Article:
I choose to practice witchcraft. And I can say without a doubt that it's among the best decisions I've ever made.
To me, the intentional practice of "the craft" has been about embracing the trope of the disobedient woman. It's been about gaining tons and tons of confidence, and choosing the idea that I largely control my own destiny.
Since I practice in a coven setting, I've gained some really meaningful and transformative relationships with a diverse group of women. Being a witch means taking a fluid approach to spirituality and belief, which honors both the divine feminine and humanism. Too long; didn't read? Witchcraft is awesome. A+ recommend.
This isn't a story about oppression. It's experiential, not expository or inspiring. I'm not including anything too personal, or content about things like my experiences with the fourth dimension. Why? Well, this is the Internet, and I'm not here to prove anything or change anyone's mind.
As a white, educated woman I am immensely privileged to choose how I express my spirituality. I'm not a scholar, and I can't speak with any sort of academic authority on the history of disobedient women or witches. I think this story would be a great deal more interesting if someone else told it, but it's the only story I have. And here we go.
Why I Became a Witch
I had a really, REALLY weird upbringing. I was raised in poverty as a fundamentalist Conservative Christian, which involved lots of talk about things like submission.
Like others in this sort of culture, I was taught that a woman's place was in the home, not working, not pursuing education, and definitely NOT taking birth control. I wore head coverings and didn't go to public school. It was a very abnormal childhood, and it probably won't surprise anyone at all that I rebelled really, really hard as soon as I could. I lost my virginity, went to a liberal arts college out of state, and never looked back.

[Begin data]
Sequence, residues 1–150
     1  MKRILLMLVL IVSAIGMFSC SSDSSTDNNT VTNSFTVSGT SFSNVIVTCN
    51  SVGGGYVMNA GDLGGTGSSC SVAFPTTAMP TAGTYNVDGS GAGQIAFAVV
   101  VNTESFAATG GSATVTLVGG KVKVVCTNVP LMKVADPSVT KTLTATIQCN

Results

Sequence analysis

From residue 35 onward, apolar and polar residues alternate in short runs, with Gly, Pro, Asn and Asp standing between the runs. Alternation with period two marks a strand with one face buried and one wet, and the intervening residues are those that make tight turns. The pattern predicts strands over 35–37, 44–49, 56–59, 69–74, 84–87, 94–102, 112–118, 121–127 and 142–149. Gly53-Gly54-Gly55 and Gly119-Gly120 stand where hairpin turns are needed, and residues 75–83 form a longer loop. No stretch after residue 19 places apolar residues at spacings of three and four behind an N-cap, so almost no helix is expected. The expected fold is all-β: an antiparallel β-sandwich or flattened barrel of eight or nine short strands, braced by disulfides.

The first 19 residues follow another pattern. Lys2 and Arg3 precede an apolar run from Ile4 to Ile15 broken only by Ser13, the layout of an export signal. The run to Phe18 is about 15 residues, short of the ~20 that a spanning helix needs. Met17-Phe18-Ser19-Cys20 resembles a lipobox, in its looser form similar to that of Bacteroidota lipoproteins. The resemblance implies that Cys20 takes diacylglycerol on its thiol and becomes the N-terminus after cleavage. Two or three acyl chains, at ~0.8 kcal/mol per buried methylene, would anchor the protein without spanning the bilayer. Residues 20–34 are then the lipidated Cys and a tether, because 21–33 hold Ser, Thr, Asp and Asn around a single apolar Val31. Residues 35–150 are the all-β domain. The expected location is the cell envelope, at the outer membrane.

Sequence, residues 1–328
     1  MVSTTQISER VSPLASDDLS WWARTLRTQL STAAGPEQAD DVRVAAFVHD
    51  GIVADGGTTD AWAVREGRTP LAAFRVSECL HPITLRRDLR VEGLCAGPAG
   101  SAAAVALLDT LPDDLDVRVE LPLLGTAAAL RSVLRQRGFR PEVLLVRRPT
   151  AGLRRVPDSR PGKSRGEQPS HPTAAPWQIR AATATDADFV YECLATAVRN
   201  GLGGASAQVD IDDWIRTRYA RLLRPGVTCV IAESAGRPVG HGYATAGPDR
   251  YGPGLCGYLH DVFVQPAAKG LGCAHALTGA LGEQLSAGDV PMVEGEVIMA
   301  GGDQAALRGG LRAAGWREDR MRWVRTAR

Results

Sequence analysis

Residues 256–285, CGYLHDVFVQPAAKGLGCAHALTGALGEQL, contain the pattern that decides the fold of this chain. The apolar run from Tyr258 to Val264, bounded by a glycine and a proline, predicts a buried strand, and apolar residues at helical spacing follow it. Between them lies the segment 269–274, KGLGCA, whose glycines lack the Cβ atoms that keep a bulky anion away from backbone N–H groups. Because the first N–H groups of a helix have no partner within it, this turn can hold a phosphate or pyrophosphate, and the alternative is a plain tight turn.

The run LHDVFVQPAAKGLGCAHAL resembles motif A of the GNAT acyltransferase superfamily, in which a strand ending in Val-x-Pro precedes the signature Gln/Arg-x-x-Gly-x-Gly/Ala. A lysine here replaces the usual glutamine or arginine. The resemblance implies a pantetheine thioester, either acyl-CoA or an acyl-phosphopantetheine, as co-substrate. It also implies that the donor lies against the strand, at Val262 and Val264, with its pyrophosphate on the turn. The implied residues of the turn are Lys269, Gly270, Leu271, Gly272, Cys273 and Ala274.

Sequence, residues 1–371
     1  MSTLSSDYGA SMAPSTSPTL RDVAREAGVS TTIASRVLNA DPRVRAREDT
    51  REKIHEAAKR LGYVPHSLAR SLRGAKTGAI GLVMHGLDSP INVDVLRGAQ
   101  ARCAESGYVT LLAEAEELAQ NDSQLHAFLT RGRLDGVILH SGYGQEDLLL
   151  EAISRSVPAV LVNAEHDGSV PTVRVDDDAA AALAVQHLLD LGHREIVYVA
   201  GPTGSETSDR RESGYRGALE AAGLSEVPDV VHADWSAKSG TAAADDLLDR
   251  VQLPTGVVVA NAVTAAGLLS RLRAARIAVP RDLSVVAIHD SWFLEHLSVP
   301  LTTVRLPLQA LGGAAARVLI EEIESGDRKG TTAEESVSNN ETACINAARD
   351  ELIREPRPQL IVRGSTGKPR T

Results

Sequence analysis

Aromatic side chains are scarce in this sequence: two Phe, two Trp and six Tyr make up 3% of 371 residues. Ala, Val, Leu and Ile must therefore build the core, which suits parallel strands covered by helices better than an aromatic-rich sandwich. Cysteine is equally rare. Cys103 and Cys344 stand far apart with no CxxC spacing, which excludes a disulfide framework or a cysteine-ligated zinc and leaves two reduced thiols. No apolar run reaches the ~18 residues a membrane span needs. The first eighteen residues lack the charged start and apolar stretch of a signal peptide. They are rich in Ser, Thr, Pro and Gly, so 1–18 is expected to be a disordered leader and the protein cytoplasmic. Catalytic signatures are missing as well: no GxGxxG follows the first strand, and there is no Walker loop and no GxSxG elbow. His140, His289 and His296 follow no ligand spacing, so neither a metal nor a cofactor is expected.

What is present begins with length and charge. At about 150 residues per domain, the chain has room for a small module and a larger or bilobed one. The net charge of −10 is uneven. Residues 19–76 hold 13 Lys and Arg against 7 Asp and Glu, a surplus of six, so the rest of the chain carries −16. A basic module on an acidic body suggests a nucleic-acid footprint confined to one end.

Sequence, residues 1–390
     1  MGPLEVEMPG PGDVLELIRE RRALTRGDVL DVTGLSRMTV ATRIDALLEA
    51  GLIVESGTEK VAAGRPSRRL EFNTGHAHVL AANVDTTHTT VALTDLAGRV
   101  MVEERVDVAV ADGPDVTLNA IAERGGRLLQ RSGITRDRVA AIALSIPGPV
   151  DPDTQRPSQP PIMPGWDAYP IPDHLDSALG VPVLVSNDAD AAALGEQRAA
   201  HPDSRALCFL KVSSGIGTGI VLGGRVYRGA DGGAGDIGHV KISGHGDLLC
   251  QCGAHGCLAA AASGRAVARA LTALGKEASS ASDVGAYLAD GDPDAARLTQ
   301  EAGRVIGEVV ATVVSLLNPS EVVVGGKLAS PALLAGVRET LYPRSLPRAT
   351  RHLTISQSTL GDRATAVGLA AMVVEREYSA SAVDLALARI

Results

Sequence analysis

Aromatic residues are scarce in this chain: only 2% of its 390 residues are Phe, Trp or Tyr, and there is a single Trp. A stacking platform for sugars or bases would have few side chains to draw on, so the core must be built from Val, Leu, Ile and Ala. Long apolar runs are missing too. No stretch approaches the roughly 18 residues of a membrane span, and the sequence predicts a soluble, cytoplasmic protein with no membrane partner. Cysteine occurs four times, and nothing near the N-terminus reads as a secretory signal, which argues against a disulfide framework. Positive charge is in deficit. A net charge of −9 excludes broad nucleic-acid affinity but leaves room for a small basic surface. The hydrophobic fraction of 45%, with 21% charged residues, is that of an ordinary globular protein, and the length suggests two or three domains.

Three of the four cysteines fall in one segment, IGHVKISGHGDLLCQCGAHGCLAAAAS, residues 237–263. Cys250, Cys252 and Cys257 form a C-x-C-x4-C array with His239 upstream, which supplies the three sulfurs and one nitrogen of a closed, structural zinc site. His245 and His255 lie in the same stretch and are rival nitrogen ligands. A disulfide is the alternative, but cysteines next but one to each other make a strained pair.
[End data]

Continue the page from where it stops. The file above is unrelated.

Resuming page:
After leaving my childhood culture, I toyed with Paganism, Catholicism, Atheism, Agnosticism, Humanism, and tons of other isms. In the last few years though, I realized a few things. Like many other 20-something professional workaholics, I was lonely. I had friends for sure, but I lacked the kind of relationships that are often formed in spiritual communities, which I'd experienced as a child.
More importantly, my friends were all demographically and culturally about the same as me. I wanted closeness with older and younger women, and the kind of closeness that we just don't tend to form in many urban, non-religious settings.
Also, despite my occasional attempts at things like meditation and mindfulness, I felt like my spiritual life was totally being neglected. I worked, read, occasionally ran, and that was it. It sucked.
I'll confess that I'm no mythology nut, and I don't believe in deities in any real or literal sense. I think there is a divine source of energy in the world, and deities are a reflection of how various cultures interpret this energy.
Most importantly, I believe that many of us have the power to make choices. I think the expression of intent is a meaningful, and yes, magical thing. I've heard witchcraft described as "symbolic action with intent." To me, that's absolutely accurate, and something I very much want to do on a regular basis.
The Trope of the Disobedient Woman
Like many other IT nerds, I'm pathologically shy. I've always been somewhere between thick and plus-sized, and body confidence has been a real thing I've struggled with.
For that reason, embracing the concept of the disobedient woman has been a core concept in my spirituality, and something that's been super duper valuable. Disobedient women wear what they want. They're not submissive. They're loud-mouthed, and demand their space. They've been vilified, harassed, assaulted, and burned at the stake throughout history.
It's acknowledged that many witches burned weren't even witches. Some may have practiced folk craft, but many others had the gall to be loud, provocative dressers, single, widowed, or self-sufficient. Or just in the wrong place at the wrong time. I'm privileged as fuck to live in a region, culture, and era where portraying myself as a disobedient woman has done nothing but accelerate my self-esteem, happiness, and career.